Several studies have demonstrated that liquid lime and dry lime stabilization achieve significant pathogen reduction, provided that a sufficiently high pH is maintained for an adequate period of time. Bacteria levels measured during full-scale studies performed at Lebanon, Ohio indicated that liquid lime stabilization of raw sludge reduced total coliform, fecal coliform, and fecal streptococci concentrations reduced by more than 99.9% (U.S. EPA, 1979). The number of Salmonella and Pseudomonas eruiginosa were reduced below the level of detection. The same studies showed that pathogen concentrations in different types of lime-stabilized sludge ranged from 10 to 1000 times less than those in anaerobically digested sludge from the same plant.
Research by Christensen on the pathogen reduction performance of dry lime stabilization using quicklime at doses of 13 and 40% as Ca(OH)2 indicated that dry lime stabilization can achieve a reduction in fecal coliform and fecal streptococcus pathogens of at least two orders of magnitude (Christensen, 1982). This was as good as and in some cases better than standard liquid lime stabilization and then liquid lime stabilization followed by vacuum filtration. Neither organism had grown by day 7 (Westphal and Christensen, 1983). Westphal and Christensen also reported that liquid lime and dry lime stabilization processes performed as well as or better than mesophilic aerobic digestion, anaerobic digestion, and mesophilic composting in reducing densities of fecal coliform and fecal streptococcus.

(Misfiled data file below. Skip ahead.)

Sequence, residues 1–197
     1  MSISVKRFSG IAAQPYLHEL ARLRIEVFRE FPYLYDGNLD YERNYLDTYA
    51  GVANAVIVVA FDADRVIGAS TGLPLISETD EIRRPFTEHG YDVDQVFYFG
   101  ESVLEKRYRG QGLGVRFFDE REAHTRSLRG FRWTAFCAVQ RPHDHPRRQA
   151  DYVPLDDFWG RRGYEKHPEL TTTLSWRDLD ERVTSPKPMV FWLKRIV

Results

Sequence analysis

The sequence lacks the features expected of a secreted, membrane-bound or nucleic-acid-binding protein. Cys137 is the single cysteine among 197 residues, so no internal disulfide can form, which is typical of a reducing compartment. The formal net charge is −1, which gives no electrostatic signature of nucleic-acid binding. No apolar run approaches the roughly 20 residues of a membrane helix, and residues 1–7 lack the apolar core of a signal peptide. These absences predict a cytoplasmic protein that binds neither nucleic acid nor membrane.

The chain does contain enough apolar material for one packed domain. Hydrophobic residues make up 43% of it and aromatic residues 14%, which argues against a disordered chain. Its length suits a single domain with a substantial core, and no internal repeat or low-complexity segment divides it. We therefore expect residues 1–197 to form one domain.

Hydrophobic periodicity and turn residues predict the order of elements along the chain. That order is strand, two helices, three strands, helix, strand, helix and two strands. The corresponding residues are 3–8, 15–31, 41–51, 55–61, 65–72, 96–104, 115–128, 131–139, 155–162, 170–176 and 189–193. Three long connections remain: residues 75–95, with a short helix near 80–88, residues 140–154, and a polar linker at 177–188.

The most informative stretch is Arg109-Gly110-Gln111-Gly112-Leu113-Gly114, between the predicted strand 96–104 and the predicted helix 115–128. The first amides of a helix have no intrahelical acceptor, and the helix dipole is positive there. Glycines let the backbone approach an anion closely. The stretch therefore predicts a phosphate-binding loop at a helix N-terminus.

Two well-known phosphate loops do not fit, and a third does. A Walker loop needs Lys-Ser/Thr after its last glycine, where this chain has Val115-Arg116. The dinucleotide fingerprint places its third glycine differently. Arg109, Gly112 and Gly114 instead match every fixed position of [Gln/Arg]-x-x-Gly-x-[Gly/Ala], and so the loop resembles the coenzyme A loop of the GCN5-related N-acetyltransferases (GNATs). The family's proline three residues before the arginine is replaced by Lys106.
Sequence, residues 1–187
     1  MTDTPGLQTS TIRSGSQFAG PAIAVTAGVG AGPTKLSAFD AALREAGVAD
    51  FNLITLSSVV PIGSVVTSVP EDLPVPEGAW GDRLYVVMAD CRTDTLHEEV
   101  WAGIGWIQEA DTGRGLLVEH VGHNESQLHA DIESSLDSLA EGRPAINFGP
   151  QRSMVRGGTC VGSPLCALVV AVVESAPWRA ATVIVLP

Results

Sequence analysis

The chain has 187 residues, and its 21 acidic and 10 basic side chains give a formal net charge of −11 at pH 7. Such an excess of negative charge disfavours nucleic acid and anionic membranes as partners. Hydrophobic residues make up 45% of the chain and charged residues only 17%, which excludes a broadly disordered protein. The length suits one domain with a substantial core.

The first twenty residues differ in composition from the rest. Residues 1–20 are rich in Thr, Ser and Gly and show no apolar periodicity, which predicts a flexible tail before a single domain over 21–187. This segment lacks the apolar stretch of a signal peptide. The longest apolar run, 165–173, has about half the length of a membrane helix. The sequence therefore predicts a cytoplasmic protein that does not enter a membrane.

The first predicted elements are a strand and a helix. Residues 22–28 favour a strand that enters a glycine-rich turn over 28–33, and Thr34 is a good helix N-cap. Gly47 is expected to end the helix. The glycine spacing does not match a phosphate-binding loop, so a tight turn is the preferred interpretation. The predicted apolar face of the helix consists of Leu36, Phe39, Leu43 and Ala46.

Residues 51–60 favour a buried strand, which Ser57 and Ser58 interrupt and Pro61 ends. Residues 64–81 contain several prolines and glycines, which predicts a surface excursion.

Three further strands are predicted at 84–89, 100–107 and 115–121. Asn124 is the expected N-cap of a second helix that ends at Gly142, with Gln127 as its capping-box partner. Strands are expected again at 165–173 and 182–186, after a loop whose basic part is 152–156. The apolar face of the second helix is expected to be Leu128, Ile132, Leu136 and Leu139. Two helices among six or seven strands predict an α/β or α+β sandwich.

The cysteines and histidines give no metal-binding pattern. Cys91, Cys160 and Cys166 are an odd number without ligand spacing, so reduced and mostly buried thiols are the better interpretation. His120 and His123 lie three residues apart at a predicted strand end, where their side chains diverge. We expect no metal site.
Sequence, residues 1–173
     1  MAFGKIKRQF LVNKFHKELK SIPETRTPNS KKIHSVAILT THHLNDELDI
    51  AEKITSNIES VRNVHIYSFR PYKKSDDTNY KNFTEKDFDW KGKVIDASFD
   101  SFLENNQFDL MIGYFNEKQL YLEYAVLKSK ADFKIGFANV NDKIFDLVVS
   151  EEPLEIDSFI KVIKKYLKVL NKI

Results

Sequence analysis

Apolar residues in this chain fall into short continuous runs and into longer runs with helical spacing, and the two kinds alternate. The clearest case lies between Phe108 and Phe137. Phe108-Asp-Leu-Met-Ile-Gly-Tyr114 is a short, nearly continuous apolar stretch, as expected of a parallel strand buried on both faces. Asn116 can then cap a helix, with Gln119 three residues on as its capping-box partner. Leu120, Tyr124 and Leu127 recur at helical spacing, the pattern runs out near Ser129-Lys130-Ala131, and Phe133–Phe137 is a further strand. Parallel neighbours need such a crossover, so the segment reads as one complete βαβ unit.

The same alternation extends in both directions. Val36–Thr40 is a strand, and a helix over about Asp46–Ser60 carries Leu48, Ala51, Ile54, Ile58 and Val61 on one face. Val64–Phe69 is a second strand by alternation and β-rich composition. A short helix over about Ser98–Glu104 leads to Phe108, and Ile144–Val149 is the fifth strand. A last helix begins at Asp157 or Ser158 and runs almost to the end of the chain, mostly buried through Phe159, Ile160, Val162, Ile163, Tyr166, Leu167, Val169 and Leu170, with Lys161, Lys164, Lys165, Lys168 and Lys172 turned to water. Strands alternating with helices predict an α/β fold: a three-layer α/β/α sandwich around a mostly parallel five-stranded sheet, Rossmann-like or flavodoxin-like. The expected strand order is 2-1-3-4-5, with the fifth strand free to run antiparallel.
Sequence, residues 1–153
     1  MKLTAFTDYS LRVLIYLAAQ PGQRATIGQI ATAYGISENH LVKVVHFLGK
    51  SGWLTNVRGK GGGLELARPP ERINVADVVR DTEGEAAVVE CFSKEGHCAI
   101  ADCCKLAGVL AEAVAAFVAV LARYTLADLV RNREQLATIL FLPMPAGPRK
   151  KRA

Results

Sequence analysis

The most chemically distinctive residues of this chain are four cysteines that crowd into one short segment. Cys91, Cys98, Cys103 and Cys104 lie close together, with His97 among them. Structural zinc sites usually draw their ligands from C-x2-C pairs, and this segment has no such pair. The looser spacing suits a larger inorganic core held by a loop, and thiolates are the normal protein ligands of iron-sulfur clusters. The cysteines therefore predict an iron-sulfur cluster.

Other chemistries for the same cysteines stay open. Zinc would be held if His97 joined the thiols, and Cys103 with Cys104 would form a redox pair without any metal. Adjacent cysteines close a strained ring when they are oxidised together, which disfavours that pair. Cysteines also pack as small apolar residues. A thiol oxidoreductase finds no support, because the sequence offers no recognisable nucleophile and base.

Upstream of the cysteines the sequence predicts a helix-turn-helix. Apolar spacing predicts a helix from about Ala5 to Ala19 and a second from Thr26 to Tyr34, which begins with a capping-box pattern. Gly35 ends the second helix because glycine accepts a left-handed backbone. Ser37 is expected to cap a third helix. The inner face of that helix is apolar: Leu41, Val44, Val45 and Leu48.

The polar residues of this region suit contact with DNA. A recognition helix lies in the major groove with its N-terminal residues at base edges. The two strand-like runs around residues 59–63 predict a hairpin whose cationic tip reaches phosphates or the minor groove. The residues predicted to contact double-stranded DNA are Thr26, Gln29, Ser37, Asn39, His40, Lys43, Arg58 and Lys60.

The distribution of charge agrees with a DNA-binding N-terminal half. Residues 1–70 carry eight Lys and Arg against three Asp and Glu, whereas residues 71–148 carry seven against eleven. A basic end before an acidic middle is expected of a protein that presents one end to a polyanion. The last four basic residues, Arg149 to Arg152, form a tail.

There is little information about the amount of virus reduction during lime stabilization, but a few studies suggest rapid destruction at a pH of 12 (U.S. EPA, 1982). Qualitative analysis has shown substantial survival of higher organisms, such as hookworms, and amebic cysts, after 24 hours of contact time at high pH. It is not known whether long-term contact would eventually destroy these organisms. However, helminthes do not survive for a long time without a host. What is more important is that helminth ova can be destroyed in the alkaline stabilization process by heating the sludge to 50°C for two hours, to 60°C for several minutes, or to 70°C for several seconds.
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